The ex-Scotland club international last Friday completed the challenge he set himself at the end of 2020 of doing 12 marathons in aid of three charities close to his heart over the following year.
The 31-year-old, formerly of Jedburgh but now based in Edinburgh, is raising money for the Murrayfield Injured Players’ Foundation, Marie Curie and Alzheimer’s Scotland in memory of his late mother Joy.
The Scottish Rugby academy coach’s original fundraising target was £3,000 but he later bumped that up to £12,000 and he’s now raised more than twice that bigger total, with donations standing at £24,412 as of this afternoon.
To make a donation, go to https://www.justgiving.com/crowdfunding/12in12in21
Laidlaw picked the foundation and Alzheimer’s Scotland to thank them for the support they’ve given to his father, Borders rugby legend Roy Laidlaw, 68, and Marie Curie to show his gratitude for the care it provided for his late mum during her battle against cancer.
He was cheered on by wife Alanah and children Struan, three, and Ivy, one, and accompanied for part of the way by his dad, formerly a scrum-half for Scotland and the British and Irish Lions, as he completed his final 26-mile run of 2021, starting and finishing at one of his old clubs, Boroughmuir, and taking him through Edinburgh city centre.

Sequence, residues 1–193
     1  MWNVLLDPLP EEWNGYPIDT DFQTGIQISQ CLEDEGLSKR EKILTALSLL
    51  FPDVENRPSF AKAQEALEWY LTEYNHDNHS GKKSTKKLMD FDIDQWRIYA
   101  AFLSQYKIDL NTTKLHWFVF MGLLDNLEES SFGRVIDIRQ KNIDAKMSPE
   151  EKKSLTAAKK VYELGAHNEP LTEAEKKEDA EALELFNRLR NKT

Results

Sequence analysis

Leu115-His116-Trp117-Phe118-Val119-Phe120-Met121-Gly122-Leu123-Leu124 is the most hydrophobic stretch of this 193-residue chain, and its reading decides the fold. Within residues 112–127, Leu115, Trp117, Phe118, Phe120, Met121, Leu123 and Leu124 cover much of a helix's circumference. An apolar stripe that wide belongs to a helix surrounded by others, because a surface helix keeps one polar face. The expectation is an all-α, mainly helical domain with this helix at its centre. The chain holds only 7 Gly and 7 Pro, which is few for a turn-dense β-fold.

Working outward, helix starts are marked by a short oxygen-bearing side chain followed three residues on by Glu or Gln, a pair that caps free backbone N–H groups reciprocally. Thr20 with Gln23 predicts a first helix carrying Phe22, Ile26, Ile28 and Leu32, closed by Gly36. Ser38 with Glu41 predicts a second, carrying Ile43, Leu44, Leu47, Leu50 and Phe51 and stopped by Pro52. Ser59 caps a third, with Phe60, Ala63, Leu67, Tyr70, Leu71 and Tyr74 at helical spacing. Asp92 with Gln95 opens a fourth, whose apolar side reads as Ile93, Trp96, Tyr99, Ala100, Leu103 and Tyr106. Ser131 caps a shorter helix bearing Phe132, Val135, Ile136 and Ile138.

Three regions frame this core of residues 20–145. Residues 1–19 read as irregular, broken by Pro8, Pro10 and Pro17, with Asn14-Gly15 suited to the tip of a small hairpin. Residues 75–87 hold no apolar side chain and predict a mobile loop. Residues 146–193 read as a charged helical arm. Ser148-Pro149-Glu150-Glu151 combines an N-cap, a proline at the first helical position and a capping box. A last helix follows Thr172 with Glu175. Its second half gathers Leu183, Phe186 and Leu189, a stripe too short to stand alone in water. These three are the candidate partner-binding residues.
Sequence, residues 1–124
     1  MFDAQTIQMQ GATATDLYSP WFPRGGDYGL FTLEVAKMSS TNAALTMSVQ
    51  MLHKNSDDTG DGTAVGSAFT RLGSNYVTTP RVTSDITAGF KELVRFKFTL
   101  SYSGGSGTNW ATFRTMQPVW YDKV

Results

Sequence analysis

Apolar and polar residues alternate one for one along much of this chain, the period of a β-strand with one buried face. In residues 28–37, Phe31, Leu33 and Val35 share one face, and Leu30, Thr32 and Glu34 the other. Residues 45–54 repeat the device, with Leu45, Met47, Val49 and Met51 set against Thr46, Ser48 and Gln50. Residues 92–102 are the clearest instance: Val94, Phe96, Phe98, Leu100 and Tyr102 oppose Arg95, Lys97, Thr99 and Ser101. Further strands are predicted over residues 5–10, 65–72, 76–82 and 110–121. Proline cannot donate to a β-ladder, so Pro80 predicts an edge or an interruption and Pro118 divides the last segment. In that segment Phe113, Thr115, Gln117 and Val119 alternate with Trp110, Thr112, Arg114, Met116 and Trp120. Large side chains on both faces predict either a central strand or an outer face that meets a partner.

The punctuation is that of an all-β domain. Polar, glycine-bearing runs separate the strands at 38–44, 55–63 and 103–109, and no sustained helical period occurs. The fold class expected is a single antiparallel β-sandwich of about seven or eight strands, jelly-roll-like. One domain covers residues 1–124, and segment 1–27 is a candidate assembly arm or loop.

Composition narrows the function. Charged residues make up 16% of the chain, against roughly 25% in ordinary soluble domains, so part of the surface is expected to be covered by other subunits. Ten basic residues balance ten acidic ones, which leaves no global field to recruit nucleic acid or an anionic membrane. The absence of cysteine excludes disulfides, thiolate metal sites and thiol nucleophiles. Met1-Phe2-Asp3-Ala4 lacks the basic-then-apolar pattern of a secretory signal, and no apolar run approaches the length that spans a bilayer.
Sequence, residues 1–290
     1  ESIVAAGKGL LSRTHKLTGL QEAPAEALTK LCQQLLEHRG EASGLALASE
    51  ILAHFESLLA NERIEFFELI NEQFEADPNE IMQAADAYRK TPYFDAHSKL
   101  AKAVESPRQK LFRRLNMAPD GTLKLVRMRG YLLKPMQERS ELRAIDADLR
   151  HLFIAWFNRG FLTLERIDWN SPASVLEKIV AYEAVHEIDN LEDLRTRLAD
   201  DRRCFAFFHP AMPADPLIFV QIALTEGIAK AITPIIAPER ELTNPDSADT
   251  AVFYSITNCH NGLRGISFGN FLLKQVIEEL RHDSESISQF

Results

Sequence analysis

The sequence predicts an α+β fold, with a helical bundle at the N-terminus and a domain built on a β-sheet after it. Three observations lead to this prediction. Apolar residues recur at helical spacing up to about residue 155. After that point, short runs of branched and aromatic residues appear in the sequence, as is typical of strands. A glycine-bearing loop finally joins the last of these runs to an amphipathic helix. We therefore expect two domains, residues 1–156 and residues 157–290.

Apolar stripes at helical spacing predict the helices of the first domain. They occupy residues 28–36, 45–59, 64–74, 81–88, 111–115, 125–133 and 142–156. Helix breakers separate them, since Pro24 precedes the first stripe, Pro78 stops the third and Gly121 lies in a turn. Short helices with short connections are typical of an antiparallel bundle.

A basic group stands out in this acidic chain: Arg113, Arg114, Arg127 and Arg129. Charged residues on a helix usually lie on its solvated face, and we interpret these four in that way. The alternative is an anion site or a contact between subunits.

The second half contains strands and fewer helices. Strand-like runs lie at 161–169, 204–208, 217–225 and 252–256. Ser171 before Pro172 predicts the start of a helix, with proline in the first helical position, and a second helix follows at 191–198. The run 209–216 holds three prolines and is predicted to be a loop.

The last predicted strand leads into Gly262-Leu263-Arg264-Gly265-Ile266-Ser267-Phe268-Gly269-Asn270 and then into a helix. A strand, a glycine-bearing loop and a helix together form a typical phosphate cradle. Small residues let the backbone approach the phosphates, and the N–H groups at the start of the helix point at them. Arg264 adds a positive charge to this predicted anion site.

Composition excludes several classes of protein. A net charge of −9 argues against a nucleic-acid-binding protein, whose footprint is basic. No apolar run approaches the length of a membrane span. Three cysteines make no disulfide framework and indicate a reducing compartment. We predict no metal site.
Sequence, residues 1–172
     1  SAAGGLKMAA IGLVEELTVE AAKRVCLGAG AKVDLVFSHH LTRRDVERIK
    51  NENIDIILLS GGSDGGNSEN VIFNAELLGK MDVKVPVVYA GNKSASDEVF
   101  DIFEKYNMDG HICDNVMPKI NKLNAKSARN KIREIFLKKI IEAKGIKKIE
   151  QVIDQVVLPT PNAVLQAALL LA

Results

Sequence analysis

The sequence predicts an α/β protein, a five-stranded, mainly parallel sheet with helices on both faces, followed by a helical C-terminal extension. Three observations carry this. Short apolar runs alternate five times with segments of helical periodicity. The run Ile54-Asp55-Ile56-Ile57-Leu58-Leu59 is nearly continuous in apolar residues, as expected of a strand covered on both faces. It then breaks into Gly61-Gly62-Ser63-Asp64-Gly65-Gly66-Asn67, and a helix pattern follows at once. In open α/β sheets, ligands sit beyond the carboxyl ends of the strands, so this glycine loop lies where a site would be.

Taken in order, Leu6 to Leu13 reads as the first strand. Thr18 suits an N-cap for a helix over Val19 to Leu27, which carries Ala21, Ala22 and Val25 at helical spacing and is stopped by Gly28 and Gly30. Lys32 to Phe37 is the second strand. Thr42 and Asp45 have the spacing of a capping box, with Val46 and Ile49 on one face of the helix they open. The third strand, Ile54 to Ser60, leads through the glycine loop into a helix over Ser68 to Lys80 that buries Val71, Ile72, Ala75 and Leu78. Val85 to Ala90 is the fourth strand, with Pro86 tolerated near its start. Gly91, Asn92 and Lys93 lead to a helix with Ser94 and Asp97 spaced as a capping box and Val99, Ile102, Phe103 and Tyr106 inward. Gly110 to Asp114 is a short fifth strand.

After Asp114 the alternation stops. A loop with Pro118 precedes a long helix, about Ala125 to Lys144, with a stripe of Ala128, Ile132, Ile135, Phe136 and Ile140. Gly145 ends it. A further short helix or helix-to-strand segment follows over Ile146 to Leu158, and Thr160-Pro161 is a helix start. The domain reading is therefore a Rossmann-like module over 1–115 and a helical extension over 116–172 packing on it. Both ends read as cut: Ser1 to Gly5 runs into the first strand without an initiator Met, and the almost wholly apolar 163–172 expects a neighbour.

“It was tough today, just over five hours,” the ex-Jed-Forest player said after crossing the finishing line.
“Knowing it was the last one and just really wanting to get to the finish made it emotional and hard.
“The support today, like with all the other marathons, has been unbelievable. I don’t think I would have been able to get through it without that support, so to those who ran alongside me part of the way, or cycled, or just popped up to cheer me on, a huge thank-you.
“Would I do any more marathons? No, not at this stage – marathons are definitely off the script – but what I do take from this is that when you have such a purpose, a higher purpose, to do something, then you can pretty much do anything with the right support network.”
His father, capped 47 times for his country between 1980 and 1988, added: “I’m proud of him.
“He’s done really well, and it’s been great to see the support he’s had too.”